What does any of this have to do with Viola’s win last night? Oh, everything. A soul on Twitter hopped onto the social network to illustrate the complications in the relationship between the races, the Nameless Man spoke of, as though Providence herself lent a hand in this unmasking.

In the opening remarks of her brilliant acceptance speech, she quotes Harriet Tubman:

In my mind, I see a line. And over that line, I see green fields and lovely flowers and beautiful white women with their arms stretched out to me over that line, but I can’t seem to get there no-how. I can’t seem to get over that line.

The largely white audience, filled with Good White People claps politely…or in some cases, not at all. They don’t get the significance of what she’s talking about. In fact, Nancy Lee Grahn took to Twitter to express umbrage with Viola’s choice of words and ultimately claiming that this should have been an “All Women” moment.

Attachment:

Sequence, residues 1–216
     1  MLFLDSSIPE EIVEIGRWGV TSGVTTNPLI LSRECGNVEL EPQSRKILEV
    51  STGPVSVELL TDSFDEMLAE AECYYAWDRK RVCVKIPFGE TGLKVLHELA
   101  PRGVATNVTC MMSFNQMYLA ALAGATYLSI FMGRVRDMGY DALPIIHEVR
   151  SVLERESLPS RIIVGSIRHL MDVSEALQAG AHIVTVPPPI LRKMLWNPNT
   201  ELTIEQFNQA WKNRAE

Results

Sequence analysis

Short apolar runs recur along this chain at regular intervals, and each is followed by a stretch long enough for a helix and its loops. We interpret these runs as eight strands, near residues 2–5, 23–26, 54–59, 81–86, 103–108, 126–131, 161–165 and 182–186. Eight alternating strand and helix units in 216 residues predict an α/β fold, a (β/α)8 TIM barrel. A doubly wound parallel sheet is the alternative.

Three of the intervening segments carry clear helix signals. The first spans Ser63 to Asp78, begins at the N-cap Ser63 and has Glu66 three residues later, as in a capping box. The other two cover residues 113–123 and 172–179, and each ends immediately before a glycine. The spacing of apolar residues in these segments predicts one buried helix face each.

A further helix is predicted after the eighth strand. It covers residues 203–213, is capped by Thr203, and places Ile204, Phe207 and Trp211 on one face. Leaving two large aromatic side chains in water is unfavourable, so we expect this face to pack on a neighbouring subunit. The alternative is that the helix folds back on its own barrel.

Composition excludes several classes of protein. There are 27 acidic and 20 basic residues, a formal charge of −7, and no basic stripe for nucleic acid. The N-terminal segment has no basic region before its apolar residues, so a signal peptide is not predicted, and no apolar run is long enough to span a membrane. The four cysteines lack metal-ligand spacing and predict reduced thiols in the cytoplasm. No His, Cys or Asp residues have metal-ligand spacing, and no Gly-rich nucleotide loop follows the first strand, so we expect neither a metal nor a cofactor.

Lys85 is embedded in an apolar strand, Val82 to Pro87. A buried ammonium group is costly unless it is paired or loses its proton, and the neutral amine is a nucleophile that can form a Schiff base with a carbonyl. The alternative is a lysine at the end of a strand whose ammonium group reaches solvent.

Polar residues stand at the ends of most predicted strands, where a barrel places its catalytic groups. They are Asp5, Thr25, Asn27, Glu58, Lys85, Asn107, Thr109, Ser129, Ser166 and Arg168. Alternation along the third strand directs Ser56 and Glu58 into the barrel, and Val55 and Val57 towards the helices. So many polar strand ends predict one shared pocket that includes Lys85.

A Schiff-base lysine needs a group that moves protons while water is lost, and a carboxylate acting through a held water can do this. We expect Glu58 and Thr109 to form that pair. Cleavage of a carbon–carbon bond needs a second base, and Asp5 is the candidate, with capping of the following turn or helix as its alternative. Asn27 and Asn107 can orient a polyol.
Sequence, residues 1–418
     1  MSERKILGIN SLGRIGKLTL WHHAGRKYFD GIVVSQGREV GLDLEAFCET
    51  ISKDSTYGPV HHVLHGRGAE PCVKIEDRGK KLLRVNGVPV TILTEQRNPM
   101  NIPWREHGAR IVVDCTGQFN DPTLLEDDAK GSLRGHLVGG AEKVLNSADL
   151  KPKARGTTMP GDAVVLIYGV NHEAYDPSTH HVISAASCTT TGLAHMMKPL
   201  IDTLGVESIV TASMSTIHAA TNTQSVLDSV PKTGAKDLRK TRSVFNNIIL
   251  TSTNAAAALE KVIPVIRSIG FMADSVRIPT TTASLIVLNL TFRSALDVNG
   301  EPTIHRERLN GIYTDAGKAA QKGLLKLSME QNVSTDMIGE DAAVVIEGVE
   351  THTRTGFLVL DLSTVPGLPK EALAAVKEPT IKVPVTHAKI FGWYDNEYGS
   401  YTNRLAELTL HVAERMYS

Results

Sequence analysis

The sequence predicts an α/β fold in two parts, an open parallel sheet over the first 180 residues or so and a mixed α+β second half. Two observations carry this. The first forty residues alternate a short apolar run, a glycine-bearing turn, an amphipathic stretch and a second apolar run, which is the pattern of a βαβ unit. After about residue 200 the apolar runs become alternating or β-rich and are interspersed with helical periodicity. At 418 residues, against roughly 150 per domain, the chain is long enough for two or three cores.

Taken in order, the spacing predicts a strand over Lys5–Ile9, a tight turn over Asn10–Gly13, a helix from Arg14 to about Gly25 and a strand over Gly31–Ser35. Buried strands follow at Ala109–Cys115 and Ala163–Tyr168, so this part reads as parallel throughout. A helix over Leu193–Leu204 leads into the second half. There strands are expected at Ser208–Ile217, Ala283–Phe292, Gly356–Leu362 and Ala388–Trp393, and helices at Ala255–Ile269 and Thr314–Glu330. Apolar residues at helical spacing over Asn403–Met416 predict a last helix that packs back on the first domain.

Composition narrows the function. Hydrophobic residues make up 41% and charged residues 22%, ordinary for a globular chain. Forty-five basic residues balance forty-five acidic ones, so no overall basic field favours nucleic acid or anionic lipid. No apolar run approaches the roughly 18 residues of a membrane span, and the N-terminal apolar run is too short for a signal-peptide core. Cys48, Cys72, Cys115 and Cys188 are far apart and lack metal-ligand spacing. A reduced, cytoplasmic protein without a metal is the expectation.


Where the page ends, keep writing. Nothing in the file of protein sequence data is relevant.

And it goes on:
She even went so far as to opine that the Julliard graduate should have let Shonda Rhimes write her speech for her!

As always and never to disappoint, Twitter showed up in the full magnitude of its dragging glory and returned fire with this magnificent response:

In one of her tweets, Nancy Grahn goes on to intimate that Viola has never been the “victim of discrimination”, making her use of Araminta Ross’ address in her acceptance speech insincere.

As you can imagine, it only gets worse from there. I don’t think I’ve seen a Good White Woman flaunt this much cluelessness since Justine Sanco’s tweet about landing in Africa and not being able to catch AIDS because she’s white. Of course Mizz Nancy is all contrition and remorse now, and has duly apologized for any “offense she may have caused” and we are expected to shuffle along like good Negroes…until this happens again at a Kroger check out lane or water cooler near you.